Places like the DAP are important to keep not just because of their history. “There are ways to preserve memories. Some of them are museums, and some are natural things like parks, and some are just living memorials like a baseball stadium,” Coons said.
When Coons stands by the old ticket booth, the memories come flooding back — from the DAP’s heyday in the 1980s, and from the movie version, too.
“If I sit here, you know, I expect to see Annie Savoy walk by.”
At the top: The Bulls are long gone and the NCCU Eagles played their last game in May, but the DAP is busy with youth baseball this summer. Ninth Street Journal photo by Grace Abels
On the eighth floor of the Durham courthouse, a beige tower that is home to the county’s criminal justice system, you will find the office of District Attorney Satana Deberry. With colorful pillows and local art on every wall, her office seems out of place in the drab building. But Deberry, a black queer woman, hasn’t been a typical prosecutor.
She oversees a system that often entangles people that look just like her. But she is the one running it – and trying to change it.
Studies have found that LGBTQ people, like people of color, are disproportionately harmed by our justice system. Deberry, elected in 2018 on a mandate of criminal justice reform, has brought a unique understanding of the LGBTQ community to the DA’s office.
In an interview for Pride Month, she spoke with The 9th Street Journal about her life as a queer woman and her feelings about representation and justice.
We all have idols that shape us. In a framed photo tucked in the corner of her office, Deberry memorializes hers: Barbara Jordan.
Jordan, a “towering figure” in the 1970s, was one of the first black women to serve in the Texas State Senate and U.S. House of Representatives. She, like Deberry, was unafraid to challenge the status quo.
During President Richard Nixon’s impeachment hearing, Jordan famously declared: “If the impeachment provision in the Constitution of the United States will not reach the offenses charged here, then perhaps that 18th-century Constitution should be abandoned to a 20th-century paper shredder.”
“I wanted to be Barbara Jordan,” said Deberry. “Barbara Jordan was the first black woman that I saw that I knew.”
Building a Life
With Barbara Jordan in mind, young Deberry chased excellence in school. She decided good grades would be her path out of Hamlet, N.C. – a town of 6,000 between Charlotte and Fayetteville. It worked. Her determination and focus on academics carried her all the way to Princeton and through law school at Duke University. To this day, she still doesn’t “see light blue.”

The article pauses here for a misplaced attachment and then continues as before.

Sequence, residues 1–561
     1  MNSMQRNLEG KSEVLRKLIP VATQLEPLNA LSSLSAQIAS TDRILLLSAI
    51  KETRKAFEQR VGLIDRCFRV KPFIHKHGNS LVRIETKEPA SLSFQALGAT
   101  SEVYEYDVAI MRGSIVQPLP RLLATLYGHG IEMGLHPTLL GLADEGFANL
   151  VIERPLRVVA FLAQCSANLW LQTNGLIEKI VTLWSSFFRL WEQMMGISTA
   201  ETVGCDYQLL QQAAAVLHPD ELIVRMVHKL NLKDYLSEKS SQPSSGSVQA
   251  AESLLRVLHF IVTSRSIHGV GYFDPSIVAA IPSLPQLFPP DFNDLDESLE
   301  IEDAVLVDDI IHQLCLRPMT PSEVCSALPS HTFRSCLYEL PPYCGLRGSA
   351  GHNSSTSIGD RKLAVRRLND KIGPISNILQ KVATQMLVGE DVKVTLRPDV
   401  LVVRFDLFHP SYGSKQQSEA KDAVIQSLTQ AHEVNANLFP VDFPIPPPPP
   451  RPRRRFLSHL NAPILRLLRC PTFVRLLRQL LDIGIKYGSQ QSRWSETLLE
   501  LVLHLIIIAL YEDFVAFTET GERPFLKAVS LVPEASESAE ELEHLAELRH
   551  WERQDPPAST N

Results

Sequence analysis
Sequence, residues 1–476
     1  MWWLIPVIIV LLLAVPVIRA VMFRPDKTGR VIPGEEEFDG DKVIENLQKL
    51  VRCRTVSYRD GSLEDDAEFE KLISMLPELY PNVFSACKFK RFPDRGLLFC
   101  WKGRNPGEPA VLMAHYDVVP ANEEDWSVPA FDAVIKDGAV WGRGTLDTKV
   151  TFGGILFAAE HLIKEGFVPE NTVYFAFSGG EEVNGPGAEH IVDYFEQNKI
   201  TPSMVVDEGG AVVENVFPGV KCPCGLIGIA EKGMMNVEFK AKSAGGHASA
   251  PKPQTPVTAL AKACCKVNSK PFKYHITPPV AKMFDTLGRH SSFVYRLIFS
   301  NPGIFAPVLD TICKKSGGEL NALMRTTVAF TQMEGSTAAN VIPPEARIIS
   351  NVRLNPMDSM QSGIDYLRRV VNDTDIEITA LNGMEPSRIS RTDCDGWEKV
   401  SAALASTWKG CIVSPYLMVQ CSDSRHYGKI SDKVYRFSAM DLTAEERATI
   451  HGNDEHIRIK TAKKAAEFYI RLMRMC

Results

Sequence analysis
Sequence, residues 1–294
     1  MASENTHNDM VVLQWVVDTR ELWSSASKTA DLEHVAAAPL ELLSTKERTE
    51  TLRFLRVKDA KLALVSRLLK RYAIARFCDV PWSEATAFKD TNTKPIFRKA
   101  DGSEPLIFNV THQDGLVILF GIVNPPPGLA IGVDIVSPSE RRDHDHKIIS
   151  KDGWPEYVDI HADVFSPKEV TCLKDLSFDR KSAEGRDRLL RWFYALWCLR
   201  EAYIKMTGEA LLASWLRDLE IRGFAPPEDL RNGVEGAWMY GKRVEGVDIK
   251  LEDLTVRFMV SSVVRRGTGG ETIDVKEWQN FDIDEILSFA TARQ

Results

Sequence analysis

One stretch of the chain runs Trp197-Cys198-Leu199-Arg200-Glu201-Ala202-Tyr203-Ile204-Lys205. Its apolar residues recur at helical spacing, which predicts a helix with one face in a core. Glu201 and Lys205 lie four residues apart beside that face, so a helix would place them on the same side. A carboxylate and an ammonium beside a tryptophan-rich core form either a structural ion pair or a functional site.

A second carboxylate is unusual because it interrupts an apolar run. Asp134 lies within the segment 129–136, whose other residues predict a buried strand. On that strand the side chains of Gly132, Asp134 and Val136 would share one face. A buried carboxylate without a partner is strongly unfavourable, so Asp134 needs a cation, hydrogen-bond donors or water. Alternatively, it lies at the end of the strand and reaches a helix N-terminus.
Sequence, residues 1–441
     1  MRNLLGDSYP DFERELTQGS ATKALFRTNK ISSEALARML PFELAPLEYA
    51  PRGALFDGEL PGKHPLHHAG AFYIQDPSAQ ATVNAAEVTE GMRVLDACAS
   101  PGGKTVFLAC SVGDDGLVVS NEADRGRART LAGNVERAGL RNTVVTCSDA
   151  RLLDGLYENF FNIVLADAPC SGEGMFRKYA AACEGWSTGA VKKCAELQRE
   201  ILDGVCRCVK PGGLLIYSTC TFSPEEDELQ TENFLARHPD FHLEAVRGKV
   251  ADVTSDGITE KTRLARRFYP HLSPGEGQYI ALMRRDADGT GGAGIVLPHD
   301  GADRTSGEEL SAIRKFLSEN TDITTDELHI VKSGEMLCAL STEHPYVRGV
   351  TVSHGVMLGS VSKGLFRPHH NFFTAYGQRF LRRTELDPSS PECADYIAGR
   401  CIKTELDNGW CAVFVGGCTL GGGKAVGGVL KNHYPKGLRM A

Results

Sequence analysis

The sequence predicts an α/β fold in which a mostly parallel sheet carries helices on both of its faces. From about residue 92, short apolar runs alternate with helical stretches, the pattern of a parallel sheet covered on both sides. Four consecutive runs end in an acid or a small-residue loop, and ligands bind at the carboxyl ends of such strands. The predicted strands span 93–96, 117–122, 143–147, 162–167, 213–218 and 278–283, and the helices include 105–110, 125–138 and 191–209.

She was always focused on her studies, so it wasn’t until her mid to late 20s, after graduating from law school, that Deberry began to understand her own sexuality. “It started to occur to me that I had to build a life. And how was I going to build that life?”
She realized there was only one option. “It was never a case that I wasn’t going to be out. Because that’s just not who I am,” she said.
The core values of openness and transparency that she brings to her office stem from her own disposition. “I’m always trying to be my best self. And so, I don’t really think of being myself as being brave. I mean, that’s what we’re all doing.”
When she came out, her parents were not surprised. “We already knew that,” they told her matter-of-factly, “so you should probably tell us something new.”
Her parents were supportive, but for her mother, queer life was associated with tragedy. Deberry’s aunt, who today would likely identify as trans, lived a dangerous life and was ultimately killed. “I think for my parents, especially for my mother, that was the only kind of life you could have as a queer person . . . on the edges of society.”
Deberry worked for a few years as a criminal lawyer before taking jobs at various non-profit groups like Self-Help and the Annie E. Casey Foundation. Then from 2013 to 2018, she served as the head of N.C. Housing Coalition – all while raising three daughters as a single mother.
In 2018, she was elected the county’s chief prosecutor by promising bold reform. Rejecting the hard-line approach of many district attorneys, she vowed to put less emphasis on non-violent crime and said she would address racial bias in the system.
Black women account for a tiny share of the nation’s DAs. In 2014, 79% percent of elected prosecutors were white men, and only 1% were women of color.
Talking to Deberry, who sports hoop earrings and blue Adidas tennis shoes, it becomes clear that she has not made it to the eighth floor in spite of her intersecting identities, but rather because of them. “Because I come at this from a cultural position of traditionally being powerless, I feel like I understand what’s at stake in a different way,” she said.
DAs wield tremendous power in deciding which criminal cases get prosecuted. Unlike many prosecutors, her identity as a black, queer woman overlaps with many of those likely to be involved in our imbalanced criminal justice system.
She says she brings her unique perspective to her work. “There are just experiences in my life, certainly as a queer person, that inform the decisions I make and the policies that we implement here.”
‘The worst day of their lives’
During her time as DA, she has limited the use of cash bail, has scaled back prosecution of school-based offenses, and has focused on prosecuting violent crimes rather than low-level drug possession charges. She says these policies work to reduce the jail population and keep vulnerable people out of the criminal justice system.
She also recognizes the way the system harms LGBTQ people.
LGBTQ people also are disproportionately victims of violent crime. The Williams Institute found they were four-times as likely to experience violent victimization, including rape, sexual assault, and aggravated or simple assault.